Think about the last time you broke a rule (a big one, not just ripping the tags off your pillows). Were you burned, or did things turn out for the best?
I have this theory about time. It goes by, as certain as the sunrise and sunset each day. But every now and then, life affords us unique moments to treasure. I say this because was a clearance puppy. And two years after being a clearance puppy, I became a clearance dog. At a little more than two years old, my fate at the humane society seemed sealed tightly in negativity. Then I had my special day…I had my moment to treasure. I met my forever people.
They were my unexpected field of diamonds, as Breathnach describes in Simple Abundance. “We all have an acre of diamonds waiting to be discovered, cherished, and mined,” she writes. I had a lot of time in my first two years without a home to dream about what life could be, aspiring to discover by own personal acre of diamonds to be cherished. As time went on, I found myself questioning who I was, and wondering why no one wanted me.
So when that first family with three other dogs and two cats adopted me, I found myself wanting to make an impression. I wanted to stand out, to make them love me best so I could make up for all that lost time of feeling neglected. Looking back, I suppose I took it too far, but I rationalized it at the time because I wanted so badly to be loved. I knew which pet was their favorite, and it wasn’t me.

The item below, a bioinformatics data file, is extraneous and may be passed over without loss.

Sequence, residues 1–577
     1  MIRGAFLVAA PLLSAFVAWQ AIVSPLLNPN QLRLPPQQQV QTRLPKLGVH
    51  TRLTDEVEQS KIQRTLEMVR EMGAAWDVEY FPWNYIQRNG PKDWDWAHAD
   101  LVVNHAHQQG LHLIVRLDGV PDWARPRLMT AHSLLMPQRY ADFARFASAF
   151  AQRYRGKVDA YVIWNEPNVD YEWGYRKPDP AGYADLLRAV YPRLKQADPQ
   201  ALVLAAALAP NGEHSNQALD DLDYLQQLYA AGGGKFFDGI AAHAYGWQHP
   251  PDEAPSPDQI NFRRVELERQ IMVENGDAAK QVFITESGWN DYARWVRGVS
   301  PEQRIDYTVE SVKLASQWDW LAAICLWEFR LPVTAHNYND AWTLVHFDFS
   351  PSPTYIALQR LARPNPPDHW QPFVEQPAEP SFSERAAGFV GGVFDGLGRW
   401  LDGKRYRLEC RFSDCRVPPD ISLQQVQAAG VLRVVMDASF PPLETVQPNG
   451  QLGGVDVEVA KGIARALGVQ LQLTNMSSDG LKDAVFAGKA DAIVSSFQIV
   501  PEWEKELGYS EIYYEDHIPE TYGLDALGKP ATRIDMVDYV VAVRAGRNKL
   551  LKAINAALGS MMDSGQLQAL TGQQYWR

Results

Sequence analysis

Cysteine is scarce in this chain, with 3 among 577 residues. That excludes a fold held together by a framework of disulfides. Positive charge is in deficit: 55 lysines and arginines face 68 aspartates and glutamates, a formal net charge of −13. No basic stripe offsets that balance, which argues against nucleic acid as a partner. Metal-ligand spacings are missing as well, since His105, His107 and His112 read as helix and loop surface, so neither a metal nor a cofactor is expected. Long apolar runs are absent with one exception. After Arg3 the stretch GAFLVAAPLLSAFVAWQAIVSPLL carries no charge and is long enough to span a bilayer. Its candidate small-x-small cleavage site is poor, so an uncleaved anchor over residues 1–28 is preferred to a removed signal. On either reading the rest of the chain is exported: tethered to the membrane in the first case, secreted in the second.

It was Tessa, their three-year-old cat. I could tell immediately upon meeting her that she was as black and white by personality as she was by color. To the people, she was the sweetest, most loving cat they could ask for. But she lorded that over the other animals and I, treating the rest of us like the unwanted skin of the salmon filet she had for dinner. We were the scraps as she saw us. And I hated her. She was the embodiment of larceny, taking from me the love I so desperately craved from my new people. I know now that does not justify what I did next, but I didn’t care at the time.
One night, after we had all finished dinner, I cornered her in the kitchen for everyone to see, grabbed her by the neck and gave her a good shake. Nothing that would have killed her, but just a little something to let her know how I loathed her. And with that, back to the humane society I went. I was the clearance dog again.
But no experience, no blip in time, is meaningless if something is learned. My time with that family (albeit brief) taught me something incredibly valuable. While I might be horrible at breaking rules (and I know don’t do harm to others is a pretty fundamental one), I never stopped dreaming that I would be someone’s Tessa someday.
To me, time as it is meant to be is twofold. First, we dream of things that could be. “For each of us there is a deeply personal dream waiting to be discovered and fulfilled,” Breathnach writes. “When we cherish our dream and then invest love, creative energy, perseverance, and passion in ourselves, we will achieve authentic success.” Then we will have those moments in time of pure happiness.